California reports record daily increase in COVID-19 cases

California reported a record daily increase of more than 20,000 COVID-19 cases on Wednesday, health authorities said.

The California Department of Public Health confirmed 20,759 new cases over the past 24 hours in a daily release, significantly surpassing the previous high of 18,350 cases set last week. But officials said that “numbers do not represent true day-over-day change as these results include cases from prior to yesterday.”

An additional 113 deaths were reported, bringing the state’s death toll from the disease to 19,324.

California, home to around 40 million residents, has seen 1,245,948 confirmed cases so far. It became the second U.S. state to reach the bleak milestone of 1 million confirmed cases last month.

The state’s seven-day positivity rate, the percentage of positive cases after taking a test for COVID-19 infection, is 7.3 percent and the 14-day positivity rate is 6.9 percent, compared with 6.5 percent and 5.9 percent respectively a week ago.

There have been 24,299,126 tests conducted across California, up from 137,813 in the prior 24-hour reporting period, said public health officials.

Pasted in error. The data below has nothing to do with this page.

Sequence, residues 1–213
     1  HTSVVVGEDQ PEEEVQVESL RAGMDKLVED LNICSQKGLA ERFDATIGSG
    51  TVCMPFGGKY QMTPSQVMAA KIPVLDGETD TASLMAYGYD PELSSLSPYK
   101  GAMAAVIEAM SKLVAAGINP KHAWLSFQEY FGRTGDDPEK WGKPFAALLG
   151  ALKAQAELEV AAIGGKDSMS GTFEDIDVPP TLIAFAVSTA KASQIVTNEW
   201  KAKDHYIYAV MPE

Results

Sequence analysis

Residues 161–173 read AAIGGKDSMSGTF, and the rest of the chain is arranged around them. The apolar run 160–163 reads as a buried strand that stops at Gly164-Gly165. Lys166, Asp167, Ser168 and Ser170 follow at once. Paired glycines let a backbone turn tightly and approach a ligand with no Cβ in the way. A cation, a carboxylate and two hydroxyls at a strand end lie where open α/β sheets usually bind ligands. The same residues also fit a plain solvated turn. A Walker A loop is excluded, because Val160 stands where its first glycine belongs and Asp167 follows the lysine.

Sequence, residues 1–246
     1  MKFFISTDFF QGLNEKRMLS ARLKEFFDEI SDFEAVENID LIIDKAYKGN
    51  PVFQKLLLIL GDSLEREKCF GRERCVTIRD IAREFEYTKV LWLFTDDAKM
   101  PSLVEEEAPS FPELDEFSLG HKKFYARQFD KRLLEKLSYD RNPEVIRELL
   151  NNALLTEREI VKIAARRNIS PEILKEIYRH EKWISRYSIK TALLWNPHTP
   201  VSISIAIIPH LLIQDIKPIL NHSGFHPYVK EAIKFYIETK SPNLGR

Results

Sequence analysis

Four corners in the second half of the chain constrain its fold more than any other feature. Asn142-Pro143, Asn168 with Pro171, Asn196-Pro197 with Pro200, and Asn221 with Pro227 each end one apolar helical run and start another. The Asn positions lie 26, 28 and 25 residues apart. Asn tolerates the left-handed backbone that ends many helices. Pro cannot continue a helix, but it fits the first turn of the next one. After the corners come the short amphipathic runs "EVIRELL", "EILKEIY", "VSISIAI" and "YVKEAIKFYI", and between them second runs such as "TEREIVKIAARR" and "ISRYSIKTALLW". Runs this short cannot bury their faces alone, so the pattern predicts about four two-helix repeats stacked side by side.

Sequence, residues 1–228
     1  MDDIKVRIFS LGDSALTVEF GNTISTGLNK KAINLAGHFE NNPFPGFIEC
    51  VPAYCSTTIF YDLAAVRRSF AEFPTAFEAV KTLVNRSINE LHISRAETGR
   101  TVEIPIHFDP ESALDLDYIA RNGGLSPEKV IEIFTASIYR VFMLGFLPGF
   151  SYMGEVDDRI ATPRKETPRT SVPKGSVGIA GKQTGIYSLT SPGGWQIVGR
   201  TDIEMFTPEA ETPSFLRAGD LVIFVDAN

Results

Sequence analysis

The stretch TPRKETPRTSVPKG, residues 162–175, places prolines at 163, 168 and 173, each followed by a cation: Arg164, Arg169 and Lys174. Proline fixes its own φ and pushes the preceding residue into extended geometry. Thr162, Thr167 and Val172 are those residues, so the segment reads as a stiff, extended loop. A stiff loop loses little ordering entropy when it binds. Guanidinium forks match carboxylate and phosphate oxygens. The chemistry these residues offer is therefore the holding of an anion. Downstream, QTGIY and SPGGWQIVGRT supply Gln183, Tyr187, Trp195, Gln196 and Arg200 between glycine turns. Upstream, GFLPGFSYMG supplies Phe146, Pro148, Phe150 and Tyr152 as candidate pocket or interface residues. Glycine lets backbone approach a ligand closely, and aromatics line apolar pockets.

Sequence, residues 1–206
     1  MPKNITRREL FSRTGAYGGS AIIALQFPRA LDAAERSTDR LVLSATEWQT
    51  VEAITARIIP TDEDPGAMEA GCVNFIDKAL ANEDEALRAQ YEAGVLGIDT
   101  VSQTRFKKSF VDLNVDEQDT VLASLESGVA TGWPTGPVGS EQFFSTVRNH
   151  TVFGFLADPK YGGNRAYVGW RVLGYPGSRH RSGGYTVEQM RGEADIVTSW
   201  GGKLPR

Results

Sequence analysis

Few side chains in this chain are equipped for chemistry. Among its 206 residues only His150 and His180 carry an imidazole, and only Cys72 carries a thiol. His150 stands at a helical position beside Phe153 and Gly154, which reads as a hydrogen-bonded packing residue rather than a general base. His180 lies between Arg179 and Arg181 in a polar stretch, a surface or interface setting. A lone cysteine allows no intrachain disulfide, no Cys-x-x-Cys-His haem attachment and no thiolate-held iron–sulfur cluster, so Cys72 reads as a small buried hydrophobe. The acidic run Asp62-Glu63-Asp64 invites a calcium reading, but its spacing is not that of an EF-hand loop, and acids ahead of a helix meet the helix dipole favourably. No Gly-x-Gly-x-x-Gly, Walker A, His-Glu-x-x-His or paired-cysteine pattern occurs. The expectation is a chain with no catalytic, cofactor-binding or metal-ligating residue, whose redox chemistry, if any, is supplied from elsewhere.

A total of 9,365 people in the state are currently hospitalized due to the virus, up 3.4 percent from the prior day. More than 2,100 of them are now in intensive care unit.

As of Tuesday, local health departments have reported 53,409 confirmed positive cases in health care workers and 218 deaths statewide, according to the California Department of Public Health.

Officials said that “the state is experiencing the fastest increase in cases we have seen yet — faster than what we experienced at the outset of the pandemic and this summer.”

They noted that if COVID-19 continues to spread at this rate, it could quickly overwhelm the state’s health care system and lead to “catastrophic outcomes.”